To a degree insufficiently captured by the term governance, the present age is one of institutional complexity.
China is a case in point. An amalgam of socialist, capitalist, corporatist, and pluralist characteristics, China's systems of governance defy classification using extant categories in the institutionalist literature.
What, after all, is a socialist market system? A Phenomenology of Institutions begins with the problem of describing emergent institutional phenomena using conventional typologies.
Constructing a new descriptive framework for rendering new, hybrid, and flexible institutional designs, Raul Lejano, Jia Guo, Hongping Lian, and Bo Yin propose new descriptors, involving concepts of autopoeisis, textuality, and relationality, that might better describe new and emergent models of governance.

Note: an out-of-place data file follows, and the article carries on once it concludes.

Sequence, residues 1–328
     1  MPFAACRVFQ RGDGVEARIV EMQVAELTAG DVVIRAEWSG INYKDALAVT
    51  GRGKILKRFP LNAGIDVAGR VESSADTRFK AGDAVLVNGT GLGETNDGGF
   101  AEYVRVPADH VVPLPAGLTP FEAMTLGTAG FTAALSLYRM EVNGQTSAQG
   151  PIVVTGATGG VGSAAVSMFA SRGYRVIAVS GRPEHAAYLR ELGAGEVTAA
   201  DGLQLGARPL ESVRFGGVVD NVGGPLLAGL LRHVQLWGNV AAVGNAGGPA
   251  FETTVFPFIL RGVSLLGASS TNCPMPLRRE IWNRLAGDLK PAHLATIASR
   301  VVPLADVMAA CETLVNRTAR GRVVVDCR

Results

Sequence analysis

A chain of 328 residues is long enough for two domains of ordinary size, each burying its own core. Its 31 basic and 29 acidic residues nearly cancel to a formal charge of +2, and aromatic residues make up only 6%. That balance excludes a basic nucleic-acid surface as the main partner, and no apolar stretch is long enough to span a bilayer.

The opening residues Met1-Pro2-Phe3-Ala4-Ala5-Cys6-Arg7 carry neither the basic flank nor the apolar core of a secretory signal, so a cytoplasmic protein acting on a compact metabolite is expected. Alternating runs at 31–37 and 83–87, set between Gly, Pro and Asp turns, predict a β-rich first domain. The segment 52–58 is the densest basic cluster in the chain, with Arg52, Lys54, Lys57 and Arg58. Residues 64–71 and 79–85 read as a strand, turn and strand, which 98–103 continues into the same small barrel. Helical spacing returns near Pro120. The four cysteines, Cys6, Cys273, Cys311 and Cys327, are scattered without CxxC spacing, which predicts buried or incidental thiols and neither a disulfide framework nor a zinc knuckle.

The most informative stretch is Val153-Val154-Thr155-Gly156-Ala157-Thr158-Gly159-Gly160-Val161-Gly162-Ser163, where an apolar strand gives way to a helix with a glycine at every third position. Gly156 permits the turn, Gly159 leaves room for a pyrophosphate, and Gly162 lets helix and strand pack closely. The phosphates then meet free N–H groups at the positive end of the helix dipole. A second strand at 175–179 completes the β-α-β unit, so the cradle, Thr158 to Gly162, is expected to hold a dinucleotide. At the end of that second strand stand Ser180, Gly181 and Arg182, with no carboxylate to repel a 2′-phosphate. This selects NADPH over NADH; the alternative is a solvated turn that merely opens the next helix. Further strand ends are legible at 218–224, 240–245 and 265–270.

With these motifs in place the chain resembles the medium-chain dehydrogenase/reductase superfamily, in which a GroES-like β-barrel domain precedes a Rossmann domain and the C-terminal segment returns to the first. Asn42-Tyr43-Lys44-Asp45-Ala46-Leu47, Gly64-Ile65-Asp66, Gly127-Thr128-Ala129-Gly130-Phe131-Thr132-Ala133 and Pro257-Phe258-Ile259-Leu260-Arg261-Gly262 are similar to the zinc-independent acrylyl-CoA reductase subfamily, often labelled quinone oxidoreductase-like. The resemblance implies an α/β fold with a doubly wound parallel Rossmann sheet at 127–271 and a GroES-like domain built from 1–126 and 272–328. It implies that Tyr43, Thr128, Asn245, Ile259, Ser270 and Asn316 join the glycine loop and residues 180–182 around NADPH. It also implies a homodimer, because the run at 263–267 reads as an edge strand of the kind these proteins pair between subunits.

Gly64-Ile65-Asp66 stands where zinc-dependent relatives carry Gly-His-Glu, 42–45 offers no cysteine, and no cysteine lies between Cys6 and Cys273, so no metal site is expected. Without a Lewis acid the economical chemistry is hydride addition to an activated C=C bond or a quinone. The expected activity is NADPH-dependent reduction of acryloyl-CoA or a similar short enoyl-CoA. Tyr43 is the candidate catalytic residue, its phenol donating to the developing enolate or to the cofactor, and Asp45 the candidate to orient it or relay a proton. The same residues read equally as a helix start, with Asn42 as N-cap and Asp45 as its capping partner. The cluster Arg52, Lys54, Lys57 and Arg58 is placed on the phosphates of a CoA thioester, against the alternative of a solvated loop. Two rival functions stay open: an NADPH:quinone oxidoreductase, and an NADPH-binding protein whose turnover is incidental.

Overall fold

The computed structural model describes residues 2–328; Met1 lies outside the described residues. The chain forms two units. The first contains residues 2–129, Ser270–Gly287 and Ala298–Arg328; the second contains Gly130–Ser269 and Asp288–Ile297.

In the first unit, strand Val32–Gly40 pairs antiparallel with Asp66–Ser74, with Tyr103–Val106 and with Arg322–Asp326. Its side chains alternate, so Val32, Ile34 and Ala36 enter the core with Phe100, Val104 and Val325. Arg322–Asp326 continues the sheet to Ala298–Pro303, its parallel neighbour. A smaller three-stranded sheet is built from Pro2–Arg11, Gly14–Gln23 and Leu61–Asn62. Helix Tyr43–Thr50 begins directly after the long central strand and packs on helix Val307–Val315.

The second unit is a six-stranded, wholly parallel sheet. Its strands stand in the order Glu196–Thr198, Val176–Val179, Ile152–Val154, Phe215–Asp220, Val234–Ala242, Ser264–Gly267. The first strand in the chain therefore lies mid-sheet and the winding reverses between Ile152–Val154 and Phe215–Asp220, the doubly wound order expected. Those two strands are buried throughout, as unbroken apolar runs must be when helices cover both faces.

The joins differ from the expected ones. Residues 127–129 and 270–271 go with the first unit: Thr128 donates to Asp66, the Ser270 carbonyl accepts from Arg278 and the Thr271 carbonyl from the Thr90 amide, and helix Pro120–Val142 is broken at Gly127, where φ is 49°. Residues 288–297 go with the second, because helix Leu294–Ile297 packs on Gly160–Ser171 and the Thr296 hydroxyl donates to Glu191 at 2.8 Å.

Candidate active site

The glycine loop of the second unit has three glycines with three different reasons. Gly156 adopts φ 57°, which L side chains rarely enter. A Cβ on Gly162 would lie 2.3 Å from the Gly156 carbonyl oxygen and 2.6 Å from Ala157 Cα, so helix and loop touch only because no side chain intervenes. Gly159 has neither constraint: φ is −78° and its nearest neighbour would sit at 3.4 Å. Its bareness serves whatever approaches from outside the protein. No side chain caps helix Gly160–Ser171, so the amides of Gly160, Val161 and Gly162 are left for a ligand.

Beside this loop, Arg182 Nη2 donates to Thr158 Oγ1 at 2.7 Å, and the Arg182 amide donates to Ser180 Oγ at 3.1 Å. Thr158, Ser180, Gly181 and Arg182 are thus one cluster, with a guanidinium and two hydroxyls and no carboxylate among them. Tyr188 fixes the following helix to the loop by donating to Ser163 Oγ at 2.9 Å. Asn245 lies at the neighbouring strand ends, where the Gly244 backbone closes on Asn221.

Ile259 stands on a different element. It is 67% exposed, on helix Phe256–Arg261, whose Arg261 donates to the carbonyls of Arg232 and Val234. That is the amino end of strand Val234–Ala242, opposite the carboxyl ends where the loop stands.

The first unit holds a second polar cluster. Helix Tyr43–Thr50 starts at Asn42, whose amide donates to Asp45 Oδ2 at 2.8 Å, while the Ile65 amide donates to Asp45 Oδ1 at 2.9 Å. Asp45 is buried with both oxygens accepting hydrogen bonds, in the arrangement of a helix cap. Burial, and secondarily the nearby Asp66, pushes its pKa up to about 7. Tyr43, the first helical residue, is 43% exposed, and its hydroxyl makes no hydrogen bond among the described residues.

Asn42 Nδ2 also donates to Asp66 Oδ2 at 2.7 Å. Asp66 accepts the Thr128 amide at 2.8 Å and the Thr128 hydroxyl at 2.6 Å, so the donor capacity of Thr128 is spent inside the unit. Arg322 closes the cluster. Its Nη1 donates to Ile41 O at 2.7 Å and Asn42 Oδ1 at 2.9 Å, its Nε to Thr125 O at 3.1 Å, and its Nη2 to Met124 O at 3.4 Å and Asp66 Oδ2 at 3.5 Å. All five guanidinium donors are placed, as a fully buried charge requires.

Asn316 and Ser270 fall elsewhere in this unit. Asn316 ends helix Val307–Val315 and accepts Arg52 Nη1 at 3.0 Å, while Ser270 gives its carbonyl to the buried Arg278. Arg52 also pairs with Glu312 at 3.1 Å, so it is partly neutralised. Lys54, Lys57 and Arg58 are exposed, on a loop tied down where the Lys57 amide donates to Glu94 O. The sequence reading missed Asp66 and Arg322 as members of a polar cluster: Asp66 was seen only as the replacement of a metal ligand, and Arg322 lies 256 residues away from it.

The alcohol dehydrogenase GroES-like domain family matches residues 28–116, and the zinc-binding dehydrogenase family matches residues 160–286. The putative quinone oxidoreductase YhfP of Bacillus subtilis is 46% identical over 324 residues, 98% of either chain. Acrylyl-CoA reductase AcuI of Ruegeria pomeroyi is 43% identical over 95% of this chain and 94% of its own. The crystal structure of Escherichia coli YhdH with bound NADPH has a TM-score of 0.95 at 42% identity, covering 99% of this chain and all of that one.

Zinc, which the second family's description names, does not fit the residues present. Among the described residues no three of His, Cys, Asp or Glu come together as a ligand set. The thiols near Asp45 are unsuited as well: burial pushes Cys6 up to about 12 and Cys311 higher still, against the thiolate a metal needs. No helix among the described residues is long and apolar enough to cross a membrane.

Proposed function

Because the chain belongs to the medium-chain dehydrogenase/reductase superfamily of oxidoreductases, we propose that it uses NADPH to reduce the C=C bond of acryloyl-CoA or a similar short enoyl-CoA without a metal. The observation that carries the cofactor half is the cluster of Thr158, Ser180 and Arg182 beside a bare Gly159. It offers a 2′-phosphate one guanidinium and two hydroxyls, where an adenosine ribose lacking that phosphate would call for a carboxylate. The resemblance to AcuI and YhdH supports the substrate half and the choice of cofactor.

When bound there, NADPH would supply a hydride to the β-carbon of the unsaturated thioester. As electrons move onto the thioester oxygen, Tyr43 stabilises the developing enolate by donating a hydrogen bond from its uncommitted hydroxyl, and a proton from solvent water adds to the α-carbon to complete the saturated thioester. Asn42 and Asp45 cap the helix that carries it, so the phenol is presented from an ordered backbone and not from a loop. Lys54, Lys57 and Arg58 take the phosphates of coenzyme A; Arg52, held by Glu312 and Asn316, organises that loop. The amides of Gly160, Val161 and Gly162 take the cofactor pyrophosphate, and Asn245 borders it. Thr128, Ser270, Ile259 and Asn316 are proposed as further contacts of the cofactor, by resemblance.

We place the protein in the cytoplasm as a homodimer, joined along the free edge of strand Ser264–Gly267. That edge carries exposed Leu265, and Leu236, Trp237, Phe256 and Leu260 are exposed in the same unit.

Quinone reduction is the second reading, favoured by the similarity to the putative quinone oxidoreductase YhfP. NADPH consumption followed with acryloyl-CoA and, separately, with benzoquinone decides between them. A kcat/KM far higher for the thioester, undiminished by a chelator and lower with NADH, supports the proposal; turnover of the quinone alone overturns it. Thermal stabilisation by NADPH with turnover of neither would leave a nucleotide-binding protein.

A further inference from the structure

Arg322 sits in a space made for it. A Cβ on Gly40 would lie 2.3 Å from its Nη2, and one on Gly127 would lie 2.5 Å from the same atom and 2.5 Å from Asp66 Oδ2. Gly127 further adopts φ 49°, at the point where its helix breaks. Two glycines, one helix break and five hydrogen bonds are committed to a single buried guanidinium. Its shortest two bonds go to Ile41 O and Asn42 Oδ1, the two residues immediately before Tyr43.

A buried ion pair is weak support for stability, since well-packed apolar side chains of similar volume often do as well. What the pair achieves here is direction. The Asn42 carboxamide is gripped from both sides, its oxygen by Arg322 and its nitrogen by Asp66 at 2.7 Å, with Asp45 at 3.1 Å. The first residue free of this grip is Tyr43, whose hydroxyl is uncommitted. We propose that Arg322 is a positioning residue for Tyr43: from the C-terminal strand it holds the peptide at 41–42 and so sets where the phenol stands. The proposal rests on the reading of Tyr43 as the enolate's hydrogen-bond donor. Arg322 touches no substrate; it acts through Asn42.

The authors illustrate the utility of this framework with a number of case studies, each dealing with a different aspect of Chinese legal and civic institutions and comparing these with 'Western' models. This book will be a valuable resource for institutional scholars in the fields of public policy, political science, organization studies, public administration, and international development, studying new and emergent forms of governance.